Amazing precision at 28.20. I wonder where all of those buy stops went at 28.20? Next stop either 28.35 or 28 even. What an easy trading range to make some fiat!

Short Stack
Aug 10, 2012 - 11:24am

Since someone has broached the subject.

Why is it that people (sheeple) are so willing to accept the notion that our elected officials can borrow money, create a huge debt, and we the people and our descendants are expected to pay it all back with interest ?

Did anyone reading this post borrow the money ? No. Did anyone here order their Senators and Representatives to borrow the money ? No.

Well, if we did not borrow the money and we did not receive the money, then why should we be required to pay back the money we did not borrow and did not receive ?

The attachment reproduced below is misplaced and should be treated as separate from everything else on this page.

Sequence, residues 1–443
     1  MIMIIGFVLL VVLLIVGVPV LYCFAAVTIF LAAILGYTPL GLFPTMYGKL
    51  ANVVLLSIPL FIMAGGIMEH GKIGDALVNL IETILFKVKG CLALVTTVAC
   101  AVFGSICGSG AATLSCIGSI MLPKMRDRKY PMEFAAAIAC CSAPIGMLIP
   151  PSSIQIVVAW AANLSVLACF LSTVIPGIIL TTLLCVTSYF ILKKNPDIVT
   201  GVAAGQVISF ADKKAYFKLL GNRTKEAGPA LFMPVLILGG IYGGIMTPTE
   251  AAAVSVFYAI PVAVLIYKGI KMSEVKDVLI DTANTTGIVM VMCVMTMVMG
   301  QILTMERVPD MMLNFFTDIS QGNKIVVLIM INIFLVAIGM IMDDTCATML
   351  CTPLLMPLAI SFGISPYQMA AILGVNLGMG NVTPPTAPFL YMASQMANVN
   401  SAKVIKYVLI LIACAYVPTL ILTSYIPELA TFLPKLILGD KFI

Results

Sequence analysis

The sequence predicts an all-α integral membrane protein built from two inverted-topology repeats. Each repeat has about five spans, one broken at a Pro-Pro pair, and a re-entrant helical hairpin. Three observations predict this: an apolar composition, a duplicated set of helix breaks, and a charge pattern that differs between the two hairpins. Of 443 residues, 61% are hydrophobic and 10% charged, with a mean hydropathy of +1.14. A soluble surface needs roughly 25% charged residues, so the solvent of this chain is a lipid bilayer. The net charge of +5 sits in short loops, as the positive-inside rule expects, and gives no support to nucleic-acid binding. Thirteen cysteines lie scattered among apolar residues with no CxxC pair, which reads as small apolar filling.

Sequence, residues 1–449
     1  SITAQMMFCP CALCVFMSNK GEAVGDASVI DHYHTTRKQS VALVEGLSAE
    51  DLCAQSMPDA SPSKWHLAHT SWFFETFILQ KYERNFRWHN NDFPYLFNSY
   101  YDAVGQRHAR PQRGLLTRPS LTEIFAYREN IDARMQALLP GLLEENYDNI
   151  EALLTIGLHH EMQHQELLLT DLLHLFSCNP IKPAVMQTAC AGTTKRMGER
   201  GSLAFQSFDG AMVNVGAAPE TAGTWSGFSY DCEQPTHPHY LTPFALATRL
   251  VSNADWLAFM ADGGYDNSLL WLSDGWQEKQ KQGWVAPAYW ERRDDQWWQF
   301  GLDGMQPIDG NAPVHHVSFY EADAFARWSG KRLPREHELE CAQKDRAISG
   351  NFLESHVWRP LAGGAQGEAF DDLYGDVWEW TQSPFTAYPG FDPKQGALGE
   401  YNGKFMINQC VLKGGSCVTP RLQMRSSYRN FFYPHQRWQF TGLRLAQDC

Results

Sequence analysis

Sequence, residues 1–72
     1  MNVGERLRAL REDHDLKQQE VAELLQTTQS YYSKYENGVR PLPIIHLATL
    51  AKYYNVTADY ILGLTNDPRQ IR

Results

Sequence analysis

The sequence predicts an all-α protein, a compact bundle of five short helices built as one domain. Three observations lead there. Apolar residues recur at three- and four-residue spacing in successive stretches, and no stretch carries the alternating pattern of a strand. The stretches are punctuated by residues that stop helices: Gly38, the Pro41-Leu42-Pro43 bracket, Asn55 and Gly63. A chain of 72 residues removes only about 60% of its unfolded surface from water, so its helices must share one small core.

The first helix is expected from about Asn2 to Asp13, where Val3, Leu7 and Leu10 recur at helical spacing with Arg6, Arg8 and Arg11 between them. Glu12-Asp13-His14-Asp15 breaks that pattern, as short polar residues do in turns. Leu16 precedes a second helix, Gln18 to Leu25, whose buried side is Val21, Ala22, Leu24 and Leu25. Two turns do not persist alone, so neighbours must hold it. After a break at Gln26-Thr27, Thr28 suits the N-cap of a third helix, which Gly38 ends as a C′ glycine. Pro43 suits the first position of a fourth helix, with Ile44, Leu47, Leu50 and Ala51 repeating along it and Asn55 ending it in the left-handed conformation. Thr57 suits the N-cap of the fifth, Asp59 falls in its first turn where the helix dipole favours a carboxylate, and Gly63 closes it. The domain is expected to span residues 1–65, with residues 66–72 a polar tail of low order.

If your next door neighbor takes out a home loan why should he expect you to pay it back ?

Therefore, if anyone should pay back this nations debts it should be those who created the debt (the politicians). Every member of Congress who put his or her YES vote on additional spending above and beyond what is received by the tax payers, etc. should have said debt taken out of their respective Estates.

And if any debt remains, as we know there will be, make them work at hard labor until it is all paid back, or they are worked to death like a slave. Like the slaves on a slave galley.

Like the slaves they have tried to make us into.

(Oh, stay on subject, right. Metals, metals, metals. Uh, go gold, go silver. Down with manipulation.)

Aug 10, 2012 - 11:25am
Aug 10, 2012 - 11:27am


Since Platinum is a luxury item and has no history of money, it goes up in price during good economic times then plummets during bad times. Everyone may want to consider picking up some platinum after the SHTF for dirt cheap and hold it till we have some recovery, has potential to make a pretty penny

Aug 10, 2012 - 11:28am

Movin' on up

In keeping with the Friday feel...

the Jeffersons intro theme song(Movin on Up)

RIP Sherman.

Aug 10, 2012 - 11:39am

"We Buy Gold"